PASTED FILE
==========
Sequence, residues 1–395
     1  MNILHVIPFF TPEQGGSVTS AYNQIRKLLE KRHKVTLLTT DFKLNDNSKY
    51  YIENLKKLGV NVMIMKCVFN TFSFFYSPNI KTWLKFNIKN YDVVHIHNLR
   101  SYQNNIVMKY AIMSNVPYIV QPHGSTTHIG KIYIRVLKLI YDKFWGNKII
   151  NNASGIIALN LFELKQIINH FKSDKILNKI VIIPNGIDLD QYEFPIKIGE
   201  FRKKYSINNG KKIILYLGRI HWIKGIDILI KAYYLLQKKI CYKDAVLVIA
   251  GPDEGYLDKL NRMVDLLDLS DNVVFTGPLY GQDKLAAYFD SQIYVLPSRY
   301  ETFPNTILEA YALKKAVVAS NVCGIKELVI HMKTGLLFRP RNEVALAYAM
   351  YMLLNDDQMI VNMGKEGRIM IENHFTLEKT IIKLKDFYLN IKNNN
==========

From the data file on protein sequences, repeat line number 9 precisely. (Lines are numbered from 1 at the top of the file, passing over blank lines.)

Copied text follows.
   351  YMLLNDDQMI VNMGKEGRIM IENHFTLEKT IIKLKDFYLN IKNNN